Don’t Get Sued Over Your Firm’s Holiday Party

Holiday parties have made a comeback despite, or maybe because of, more people working remotely. Many managers want to bring their teams together under one roof as it’s become apparent that connecting face-to-face is vital to a vibrant and cohesive work atmosphere.

But if you are planning on throwing a company holiday party, there are a number of considerations for you to keep everyone safe and avoid issues that can result in injuries and/or lawsuits against your organization.

 

Alcohol can bring trouble

The biggest risks you face arise if you throw a party that serves alcohol. A 2018 survey found that one in three office workers had done something at an office holiday party that they regret, and two in five said they’d seen events at parties evolve into office drama, altercations or scandals.

The best advice is not to serve alcohol at your event. That will greatly reduce the chances of problems like the following:

Bad behavior and conflict — Whenever alcohol is present, personal disputes between coworkers can rise to the surface and things can get ugly. If hostilities erupt, it immediately puts the employer in danger of being sued by one of the parties and others may be drawn into the fracas.

Also, hook-ups between staff are a common occurrence and in this era of smartphones with cameras, those events can be on record forever. While this could lead to real romance, often it makes for an uncomfortable work environment for not only the two workers involved, but for their coworkers as well.

Alcohol-fueled aggressive come-ons can also spill over into outright sexual harassment — another legal peril.

Holiday advice: If it’s an office event, the rules of conduct in the office extend to the party and you should not tolerate those who exceed the boundaries of proper behavior. This should be made clear in party announcements and reinforced through memos.

 

Drunk driving — If someone has been drinking at your holiday party and injures themselves or others on the drive home, you may be held liable, particularly if you had an open bar and didn’t set limits on how many drinks an employee can be served.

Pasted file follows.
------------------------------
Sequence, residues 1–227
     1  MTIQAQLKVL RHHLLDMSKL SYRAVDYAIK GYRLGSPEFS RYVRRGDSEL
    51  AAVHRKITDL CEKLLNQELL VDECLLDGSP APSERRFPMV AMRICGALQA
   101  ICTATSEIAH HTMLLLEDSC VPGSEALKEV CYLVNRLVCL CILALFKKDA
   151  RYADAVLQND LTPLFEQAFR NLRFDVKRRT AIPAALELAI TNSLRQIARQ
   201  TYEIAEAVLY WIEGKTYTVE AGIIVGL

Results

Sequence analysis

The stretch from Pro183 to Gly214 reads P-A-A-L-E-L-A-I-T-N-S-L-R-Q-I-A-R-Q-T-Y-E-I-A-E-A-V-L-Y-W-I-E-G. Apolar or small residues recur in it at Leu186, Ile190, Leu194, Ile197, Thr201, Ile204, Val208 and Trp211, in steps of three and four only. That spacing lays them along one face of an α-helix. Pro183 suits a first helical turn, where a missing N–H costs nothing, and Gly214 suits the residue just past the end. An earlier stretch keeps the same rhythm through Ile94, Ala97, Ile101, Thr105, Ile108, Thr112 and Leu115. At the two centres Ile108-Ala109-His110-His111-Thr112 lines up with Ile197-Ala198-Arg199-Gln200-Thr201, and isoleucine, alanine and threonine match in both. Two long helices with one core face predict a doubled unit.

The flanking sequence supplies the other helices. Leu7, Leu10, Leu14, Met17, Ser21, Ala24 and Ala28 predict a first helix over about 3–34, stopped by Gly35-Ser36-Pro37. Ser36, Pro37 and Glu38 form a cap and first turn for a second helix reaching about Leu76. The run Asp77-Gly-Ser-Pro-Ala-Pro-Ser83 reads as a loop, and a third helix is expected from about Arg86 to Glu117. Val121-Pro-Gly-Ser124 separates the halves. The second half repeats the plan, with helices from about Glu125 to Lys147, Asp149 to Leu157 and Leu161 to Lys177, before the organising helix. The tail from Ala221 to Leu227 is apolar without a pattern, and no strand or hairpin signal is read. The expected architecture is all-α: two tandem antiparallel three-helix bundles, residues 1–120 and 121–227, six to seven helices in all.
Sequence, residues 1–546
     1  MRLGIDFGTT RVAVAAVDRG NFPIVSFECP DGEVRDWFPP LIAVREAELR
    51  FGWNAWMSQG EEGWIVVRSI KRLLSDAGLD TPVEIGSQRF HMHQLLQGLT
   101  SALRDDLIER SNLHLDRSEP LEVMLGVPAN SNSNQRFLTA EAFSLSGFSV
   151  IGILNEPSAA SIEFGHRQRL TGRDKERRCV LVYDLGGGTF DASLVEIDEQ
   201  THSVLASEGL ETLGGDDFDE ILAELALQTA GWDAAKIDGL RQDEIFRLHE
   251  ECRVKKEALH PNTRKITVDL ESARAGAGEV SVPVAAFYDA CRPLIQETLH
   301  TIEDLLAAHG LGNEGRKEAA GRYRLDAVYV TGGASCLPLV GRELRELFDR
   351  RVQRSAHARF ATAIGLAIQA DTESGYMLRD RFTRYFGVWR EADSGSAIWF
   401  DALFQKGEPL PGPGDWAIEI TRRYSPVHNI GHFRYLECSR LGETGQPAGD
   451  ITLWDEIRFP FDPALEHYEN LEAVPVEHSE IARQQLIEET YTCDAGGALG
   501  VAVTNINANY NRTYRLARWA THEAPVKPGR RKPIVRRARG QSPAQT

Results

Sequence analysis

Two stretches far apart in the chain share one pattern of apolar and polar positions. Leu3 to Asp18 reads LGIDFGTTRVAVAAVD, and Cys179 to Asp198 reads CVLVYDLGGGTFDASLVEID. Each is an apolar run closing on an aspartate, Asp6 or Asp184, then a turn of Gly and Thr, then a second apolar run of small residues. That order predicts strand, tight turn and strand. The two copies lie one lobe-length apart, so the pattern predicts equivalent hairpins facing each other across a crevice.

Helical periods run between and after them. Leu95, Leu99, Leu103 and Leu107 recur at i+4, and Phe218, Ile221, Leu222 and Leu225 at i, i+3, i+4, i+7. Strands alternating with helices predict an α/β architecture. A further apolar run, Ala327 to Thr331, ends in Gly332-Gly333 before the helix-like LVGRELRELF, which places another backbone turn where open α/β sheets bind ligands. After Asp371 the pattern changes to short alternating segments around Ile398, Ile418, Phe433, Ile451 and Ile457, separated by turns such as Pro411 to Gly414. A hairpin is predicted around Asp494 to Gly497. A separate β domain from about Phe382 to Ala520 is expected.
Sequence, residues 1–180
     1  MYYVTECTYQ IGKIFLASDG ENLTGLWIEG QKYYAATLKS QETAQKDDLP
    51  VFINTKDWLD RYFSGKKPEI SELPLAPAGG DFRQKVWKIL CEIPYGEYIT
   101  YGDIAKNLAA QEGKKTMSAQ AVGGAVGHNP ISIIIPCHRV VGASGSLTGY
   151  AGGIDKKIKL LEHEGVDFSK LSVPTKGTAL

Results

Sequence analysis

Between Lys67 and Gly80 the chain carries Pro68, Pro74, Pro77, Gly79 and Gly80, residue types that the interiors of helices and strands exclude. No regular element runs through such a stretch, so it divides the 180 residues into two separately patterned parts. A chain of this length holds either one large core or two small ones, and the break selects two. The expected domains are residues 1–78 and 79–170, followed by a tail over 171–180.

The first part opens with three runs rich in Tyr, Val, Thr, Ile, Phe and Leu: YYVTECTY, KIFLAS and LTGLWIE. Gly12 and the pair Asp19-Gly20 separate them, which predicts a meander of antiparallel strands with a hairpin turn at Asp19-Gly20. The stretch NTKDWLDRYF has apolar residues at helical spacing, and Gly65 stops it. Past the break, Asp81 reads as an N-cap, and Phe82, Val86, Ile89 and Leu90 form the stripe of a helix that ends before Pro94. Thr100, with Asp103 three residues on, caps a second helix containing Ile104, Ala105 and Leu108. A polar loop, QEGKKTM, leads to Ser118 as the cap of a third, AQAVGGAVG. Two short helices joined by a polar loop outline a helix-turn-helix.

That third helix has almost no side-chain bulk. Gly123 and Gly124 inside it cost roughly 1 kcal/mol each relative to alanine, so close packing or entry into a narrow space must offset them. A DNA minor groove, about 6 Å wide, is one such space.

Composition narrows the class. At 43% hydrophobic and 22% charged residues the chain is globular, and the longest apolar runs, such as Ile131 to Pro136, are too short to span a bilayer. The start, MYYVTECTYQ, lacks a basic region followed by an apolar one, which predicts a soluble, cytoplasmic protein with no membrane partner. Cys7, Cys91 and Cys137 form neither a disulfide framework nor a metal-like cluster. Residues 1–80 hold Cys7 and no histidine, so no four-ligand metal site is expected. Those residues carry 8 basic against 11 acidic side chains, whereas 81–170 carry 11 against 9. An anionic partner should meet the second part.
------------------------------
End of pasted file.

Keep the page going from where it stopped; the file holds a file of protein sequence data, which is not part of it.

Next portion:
Holiday advice: If you plan on serving alcohol, you should consider:

  • Limiting consumption to two drinks. Drink tickets are a good way to go.
  • Serving drinks with lower alcohol content (beer/wine — not shots).
  • Offering a signature company “mocktail,” and providing water and non-alcoholic beverages.
  • Stopping serving at least an hour before the shindig ends.
  • Offering plenty of food to snack on, particularly high-carbohydrate and high-protein foods.
  • Holding the event at a hotel and offering free rooms to those who want to stay the night.
  • Offering free Uber or Lyft rides to your staff so they can get home safely.
  • Asking your managers to lead by example.
  • Inviting spouses and kids, which should force people to mind their p’s and q’s.

 

Food safety

The other big issue is food safety. It’s not uncommon for food from a catering service to sicken partygoers.

At an office party, foodborne illness can occur when people eat certain items that were either undercooked or left out at room temperature for too long. Eggs, raw egg products (e.g., eggnog), meat, seafood, and even fruits and vegetables (if not properly washed) are some of the most common offenders. Add to that the possibility of poor hygienic practices by the caterer’s staff.

 Holiday advice: To reduce the chances of foodborne illnesses during the festivities:

  • Observe the two-hour rule: don’t let foods sit at room temperature for more than two hours. For refrigerated items like deviled eggs, consider putting a few out at a time and replenishing when needed.
  • Place hot foods in crockpots, chaffing dishes, or on warming plates to maintain a safe temperature.
  • Cover food containers in the buffet line when not in use.
  • Use large spoons, forks, wax paper, tongs and other serving tools to avoid touching food by hand.
  • If you suspect anything has been out too long, toss it.

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